After years of R&D, India recently conducted a successful test flight of the indigenously developed Hypersonic technology demonstrator vehicle (HSTDV), powered by a scramjet engine, which will serve as a critical building block for next-generation Hypersonic cruise missiles, joining the elite club of the US, Russia and China who possess such technology. Hypersonic missiles that fly at lower altitudes and are very onerous to trace and intercept. Currently, the United States, Russia and China have only developed technologies to field fast-manoeuvring of it. This is often seen as India’s initial footstep towards developing Hypersonic missiles. It is in this context, Let’s make an in-depth analysis of Hypersonic missile technology.
Recently a decentralized, bottom-up, and inclusive process for the formulation of a new national Science Technology and Innovation Policy (STIP 2020) was jointly initiated by the Office of the Principal Scientific Adviser to the Government of India (Office of PSA) and the Department of Science and Technology (DST). The policy is being formulated at a crucial time when India and the world are facing the COVID-19 pandemic and finding ways to tackle it.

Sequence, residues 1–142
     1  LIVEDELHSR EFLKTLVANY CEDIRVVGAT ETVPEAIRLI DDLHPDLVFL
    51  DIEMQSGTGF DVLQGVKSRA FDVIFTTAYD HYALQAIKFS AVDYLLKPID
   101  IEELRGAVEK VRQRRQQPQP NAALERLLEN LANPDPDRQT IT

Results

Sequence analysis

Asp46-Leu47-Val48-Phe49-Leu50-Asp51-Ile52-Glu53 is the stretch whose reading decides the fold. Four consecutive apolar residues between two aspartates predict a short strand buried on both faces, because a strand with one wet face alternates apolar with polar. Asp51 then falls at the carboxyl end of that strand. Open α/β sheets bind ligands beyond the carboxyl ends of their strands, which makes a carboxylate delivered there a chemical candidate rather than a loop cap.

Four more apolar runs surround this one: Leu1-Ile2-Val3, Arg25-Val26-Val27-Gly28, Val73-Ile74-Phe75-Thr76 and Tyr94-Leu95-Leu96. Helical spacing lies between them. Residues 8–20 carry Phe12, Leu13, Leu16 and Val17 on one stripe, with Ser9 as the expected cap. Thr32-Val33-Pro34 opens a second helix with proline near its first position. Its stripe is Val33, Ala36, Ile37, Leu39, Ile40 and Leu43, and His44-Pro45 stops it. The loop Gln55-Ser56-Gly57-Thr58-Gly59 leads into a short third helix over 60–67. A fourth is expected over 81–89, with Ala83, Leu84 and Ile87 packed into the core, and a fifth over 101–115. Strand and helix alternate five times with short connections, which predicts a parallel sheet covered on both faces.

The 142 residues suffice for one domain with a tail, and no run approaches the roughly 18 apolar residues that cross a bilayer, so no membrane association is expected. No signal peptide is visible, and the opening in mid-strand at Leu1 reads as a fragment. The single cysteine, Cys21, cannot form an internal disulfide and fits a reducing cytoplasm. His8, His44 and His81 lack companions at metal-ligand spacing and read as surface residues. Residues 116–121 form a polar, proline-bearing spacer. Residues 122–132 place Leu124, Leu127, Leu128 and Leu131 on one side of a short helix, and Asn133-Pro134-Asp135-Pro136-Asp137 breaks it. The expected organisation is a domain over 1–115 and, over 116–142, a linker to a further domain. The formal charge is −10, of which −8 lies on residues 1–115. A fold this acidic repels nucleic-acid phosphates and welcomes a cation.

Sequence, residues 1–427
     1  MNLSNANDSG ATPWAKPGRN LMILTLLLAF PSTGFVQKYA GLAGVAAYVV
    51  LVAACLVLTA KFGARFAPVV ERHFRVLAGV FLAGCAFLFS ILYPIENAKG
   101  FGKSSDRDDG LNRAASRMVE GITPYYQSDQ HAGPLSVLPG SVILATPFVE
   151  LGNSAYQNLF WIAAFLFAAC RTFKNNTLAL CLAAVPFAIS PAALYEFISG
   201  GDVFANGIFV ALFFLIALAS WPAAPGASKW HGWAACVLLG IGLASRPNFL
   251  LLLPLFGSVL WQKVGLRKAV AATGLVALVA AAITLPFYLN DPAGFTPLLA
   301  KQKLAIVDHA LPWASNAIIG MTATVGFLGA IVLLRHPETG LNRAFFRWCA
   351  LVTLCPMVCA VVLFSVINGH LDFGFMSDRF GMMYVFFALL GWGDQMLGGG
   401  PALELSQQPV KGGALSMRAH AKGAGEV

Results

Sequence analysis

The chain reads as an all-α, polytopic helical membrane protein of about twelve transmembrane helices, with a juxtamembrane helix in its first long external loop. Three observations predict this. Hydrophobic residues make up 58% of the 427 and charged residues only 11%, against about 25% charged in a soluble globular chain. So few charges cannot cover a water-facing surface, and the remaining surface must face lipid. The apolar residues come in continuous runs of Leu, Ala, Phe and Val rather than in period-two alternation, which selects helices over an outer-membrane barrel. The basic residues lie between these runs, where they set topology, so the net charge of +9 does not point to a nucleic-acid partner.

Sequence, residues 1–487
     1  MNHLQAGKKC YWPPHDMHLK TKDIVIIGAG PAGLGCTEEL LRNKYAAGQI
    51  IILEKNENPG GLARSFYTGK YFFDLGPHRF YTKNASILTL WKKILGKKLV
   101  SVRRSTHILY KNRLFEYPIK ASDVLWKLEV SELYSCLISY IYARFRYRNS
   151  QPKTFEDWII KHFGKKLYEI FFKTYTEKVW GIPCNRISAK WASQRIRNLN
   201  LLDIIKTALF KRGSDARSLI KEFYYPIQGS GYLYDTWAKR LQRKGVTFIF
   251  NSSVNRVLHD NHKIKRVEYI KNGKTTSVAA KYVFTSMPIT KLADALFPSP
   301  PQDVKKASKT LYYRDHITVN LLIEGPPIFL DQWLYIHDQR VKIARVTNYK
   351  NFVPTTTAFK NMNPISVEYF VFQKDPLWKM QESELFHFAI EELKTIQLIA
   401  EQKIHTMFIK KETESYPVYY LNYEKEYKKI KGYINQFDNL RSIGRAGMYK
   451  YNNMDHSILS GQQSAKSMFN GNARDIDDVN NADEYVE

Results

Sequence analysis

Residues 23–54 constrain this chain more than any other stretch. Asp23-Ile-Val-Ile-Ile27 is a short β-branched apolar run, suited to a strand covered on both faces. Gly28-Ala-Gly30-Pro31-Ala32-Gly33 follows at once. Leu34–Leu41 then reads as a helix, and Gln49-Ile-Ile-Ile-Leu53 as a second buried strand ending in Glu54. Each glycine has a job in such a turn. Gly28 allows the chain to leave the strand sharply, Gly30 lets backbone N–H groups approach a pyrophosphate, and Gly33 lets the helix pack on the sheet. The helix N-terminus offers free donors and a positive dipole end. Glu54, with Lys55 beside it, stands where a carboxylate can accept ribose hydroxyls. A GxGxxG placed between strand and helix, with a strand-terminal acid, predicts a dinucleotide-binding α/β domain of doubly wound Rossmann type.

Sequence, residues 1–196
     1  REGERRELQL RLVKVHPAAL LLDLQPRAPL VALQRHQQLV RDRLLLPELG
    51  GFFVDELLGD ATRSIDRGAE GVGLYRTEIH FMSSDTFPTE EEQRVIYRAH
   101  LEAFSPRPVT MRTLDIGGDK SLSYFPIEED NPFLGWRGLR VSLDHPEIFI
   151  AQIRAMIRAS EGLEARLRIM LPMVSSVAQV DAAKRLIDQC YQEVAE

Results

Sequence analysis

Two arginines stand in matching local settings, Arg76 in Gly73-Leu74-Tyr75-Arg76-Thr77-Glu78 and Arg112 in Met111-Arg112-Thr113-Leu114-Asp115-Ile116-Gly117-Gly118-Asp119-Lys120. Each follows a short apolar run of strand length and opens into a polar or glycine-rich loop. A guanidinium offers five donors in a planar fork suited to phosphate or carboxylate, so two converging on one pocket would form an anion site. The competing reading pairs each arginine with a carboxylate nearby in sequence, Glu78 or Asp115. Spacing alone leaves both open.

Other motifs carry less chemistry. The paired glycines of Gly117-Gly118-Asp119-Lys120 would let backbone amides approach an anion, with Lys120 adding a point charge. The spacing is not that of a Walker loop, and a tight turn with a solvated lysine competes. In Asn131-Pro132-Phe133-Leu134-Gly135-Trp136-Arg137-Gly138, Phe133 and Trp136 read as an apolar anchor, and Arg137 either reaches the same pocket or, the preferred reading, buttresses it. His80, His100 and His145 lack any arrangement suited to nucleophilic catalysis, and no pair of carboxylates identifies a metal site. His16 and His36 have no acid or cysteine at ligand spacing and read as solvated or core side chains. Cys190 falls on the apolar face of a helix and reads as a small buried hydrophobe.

The Indian Space Research Organisation (ISRO) announced that India’s 2nd lunar mission Chandrayaan-2 is scheduled to be launched in July 2019. The Chandrayaan-2’s lander will touch down near Moon’s south pole in September 2019. This mission holds so much significance for Indian and international space research which we will discuss in this article.
Recently, the DRDO’s anti-satellite missile system (ASAT) project named Mission Shakti successfully destroyed a live satellite in the Low Earth Orbit (LEO) (300 km altitude). With this test, India became the fourth country after the US, Russia, and China to achieve the feat. It is considered to be a milestone for the institutions and a significant development in terms of strengthening the country’s overall security. However, the test also sparked controversy regarding space militarization and space debris.
ISRO has launched GSAT-29 communication satellite successfully on board GSLV-MK III D2. With this launch, GSLV-MK III is considered to be operational for space missions like Chandrayaan II and Gaganyaan. Gaganyaan mission was announced by Prime Minister in his Independence Day speech, that ISRO will be sending its first human spaceflight mission into space by 2022.
ISRO has launched GSAT-29 communication satellite successfully on board GSLV-Mk III D2 from Satish Dhawan Space Centre at Sriharikota. With this launch, GSLV Mk III completed the test flights and is declared operational, thus joining the ranks of the working vehicles such as PSLV. Besides, this launch serves as a major boost for Chandrayaan-II (moon) and Gaganyaan (manned) missions.
ISRO will soon carry out another major test for its Reusable Launch Vehicle (RLV) in 2019. ISRO conducted first RLV test in 2016 which was successful. The final version will take at least 10-15 years to get ready.